\phi \frac{ \partial \varrho X^\kappa}{\partial t} - \text{div} \left\lbrace \varrho X^\kappa {\textbf v} + \varrho D^\kappa_\text{pm} \textbf{grad} X^\kappa \right\rbrace = 0
```
With the porosity $`\phi`$, the mass fraction of the contaminant component $`\kappa`$: $`X^\kappa`$, the porous medium diffusivity $` D^\kappa_\text{pm} `$, the molar masses of the component $` M^\kappa `$, the average molar mass of the phase $`M_\alpha`$ and the mole fraction $`x`$.
With the porosity $`\phi`$, the mass fraction of the contaminant component $`\kappa`$: $`X^\kappa`$, the porous medium diffusivity $` D^\kappa_\text{pm} `$ and the density of the fluid phase $`\varrho`$.
The porous medium diffusivity is a function of the diffusion coefficient of the component $`D^\kappa`$, the porosity $`\phi`$ and the porous medium tortuosity $`\tau`$ by the following equation:
......@@ -45,6 +45,6 @@ The porous medium diffusivity is a function of the diffusion coefficient of the
D^\kappa_\text{pm}= \phi \tau D^\kappa
```
The primary variable of this model is the mass fraction $`X^\kappa`$. We apply the same spatial discretization as in the single pahse model and use the implicit Euler method for time discretization. For more information, have a look at the dumux handbook.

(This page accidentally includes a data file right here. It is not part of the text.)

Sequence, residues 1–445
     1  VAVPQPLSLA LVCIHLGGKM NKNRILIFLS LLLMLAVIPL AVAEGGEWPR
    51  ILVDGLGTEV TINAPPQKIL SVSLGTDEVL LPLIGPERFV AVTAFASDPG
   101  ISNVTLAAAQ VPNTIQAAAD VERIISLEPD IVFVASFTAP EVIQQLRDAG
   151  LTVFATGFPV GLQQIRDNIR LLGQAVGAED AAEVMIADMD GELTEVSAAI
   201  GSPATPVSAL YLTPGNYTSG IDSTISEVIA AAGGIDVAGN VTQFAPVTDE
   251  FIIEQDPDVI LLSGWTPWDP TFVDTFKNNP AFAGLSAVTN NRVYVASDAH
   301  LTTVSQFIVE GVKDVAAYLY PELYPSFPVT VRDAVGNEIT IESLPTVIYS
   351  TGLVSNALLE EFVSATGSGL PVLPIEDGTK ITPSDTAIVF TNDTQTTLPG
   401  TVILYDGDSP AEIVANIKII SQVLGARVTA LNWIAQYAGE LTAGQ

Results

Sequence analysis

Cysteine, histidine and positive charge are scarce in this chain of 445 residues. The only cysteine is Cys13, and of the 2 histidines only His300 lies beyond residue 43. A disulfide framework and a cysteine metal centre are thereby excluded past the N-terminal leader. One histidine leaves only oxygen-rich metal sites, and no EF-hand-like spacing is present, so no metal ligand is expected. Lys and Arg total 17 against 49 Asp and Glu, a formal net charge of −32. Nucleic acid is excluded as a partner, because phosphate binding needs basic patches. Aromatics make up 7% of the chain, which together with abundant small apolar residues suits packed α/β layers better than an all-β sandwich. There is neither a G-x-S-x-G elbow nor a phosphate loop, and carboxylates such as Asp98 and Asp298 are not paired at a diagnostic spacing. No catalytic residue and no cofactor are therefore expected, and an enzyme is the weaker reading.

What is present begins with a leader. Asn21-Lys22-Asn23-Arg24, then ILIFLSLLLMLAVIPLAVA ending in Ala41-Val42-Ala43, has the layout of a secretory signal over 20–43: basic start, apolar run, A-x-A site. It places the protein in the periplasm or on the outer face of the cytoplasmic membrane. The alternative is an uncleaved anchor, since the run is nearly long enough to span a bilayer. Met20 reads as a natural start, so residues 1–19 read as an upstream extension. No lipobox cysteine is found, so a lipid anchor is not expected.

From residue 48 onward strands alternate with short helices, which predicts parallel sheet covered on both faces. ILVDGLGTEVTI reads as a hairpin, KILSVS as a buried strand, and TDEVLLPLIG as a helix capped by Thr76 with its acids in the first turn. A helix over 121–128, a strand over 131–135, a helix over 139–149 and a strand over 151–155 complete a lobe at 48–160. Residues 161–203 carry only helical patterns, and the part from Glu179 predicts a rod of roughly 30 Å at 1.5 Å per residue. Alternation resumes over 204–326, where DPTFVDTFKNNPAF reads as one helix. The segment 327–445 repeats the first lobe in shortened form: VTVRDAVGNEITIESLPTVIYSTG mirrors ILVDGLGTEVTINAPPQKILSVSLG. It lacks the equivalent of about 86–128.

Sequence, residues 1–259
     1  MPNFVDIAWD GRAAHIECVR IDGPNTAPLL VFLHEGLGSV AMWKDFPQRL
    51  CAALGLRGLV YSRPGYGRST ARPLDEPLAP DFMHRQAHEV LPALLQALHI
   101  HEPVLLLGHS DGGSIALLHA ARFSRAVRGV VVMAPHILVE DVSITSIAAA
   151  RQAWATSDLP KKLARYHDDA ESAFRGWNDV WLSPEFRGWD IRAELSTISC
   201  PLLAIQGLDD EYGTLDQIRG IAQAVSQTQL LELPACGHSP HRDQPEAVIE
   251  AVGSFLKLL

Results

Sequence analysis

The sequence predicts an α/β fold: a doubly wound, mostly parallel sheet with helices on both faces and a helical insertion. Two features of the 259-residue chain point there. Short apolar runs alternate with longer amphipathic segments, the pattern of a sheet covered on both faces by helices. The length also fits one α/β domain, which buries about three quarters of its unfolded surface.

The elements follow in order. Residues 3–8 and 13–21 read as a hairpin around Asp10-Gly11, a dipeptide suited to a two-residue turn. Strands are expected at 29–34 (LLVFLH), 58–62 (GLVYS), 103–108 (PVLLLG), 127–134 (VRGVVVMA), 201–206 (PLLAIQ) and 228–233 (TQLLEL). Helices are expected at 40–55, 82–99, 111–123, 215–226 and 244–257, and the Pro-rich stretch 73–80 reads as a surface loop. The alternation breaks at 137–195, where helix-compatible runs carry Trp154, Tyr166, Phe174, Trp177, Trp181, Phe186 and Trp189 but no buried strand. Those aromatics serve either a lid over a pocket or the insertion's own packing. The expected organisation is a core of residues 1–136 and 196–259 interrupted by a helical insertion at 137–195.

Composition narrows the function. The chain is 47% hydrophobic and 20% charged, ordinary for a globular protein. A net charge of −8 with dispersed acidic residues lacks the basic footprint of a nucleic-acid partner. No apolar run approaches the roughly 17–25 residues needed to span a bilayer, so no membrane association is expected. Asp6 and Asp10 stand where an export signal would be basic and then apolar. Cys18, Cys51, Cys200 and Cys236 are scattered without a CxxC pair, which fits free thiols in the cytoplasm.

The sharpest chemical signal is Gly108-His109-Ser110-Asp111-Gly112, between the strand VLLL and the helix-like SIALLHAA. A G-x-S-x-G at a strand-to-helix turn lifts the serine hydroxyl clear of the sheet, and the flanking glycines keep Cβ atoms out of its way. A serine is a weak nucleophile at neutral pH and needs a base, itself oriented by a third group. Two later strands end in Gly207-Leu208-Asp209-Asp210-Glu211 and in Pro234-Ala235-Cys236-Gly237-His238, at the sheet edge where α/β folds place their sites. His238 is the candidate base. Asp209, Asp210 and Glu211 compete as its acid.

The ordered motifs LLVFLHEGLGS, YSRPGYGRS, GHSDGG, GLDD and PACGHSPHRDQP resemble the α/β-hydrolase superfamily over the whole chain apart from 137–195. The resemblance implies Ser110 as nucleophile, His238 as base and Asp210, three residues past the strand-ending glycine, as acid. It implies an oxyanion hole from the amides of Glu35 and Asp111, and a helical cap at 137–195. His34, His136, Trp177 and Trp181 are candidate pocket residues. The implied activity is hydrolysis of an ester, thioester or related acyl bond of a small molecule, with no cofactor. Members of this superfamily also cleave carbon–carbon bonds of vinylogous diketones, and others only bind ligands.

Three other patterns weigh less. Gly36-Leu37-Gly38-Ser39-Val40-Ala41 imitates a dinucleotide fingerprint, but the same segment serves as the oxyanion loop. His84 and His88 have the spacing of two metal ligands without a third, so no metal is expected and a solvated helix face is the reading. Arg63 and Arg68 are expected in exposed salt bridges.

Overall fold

The primary variable of this model is the mass fraction $`X^\kappa`$. We apply the same spatial discretization as in the single phase model and use the implicit Euler method for time discretization. For more information, have a look at the dumux handbook.
In the following, we take a close look at the files containing the set-up: At first, boundary conditions and spatially distributed parameters are set in `problem_1p.hh` and `spatialparams_1p.hh`, respectively, for the single phase model and subsequently in `problem_tracer.hh` and `spatialparams_tracer.hh` for the tracer model. Afterwards, we show the different steps for solving the model in the source file `main.cc`. At the end, we show some simulation results.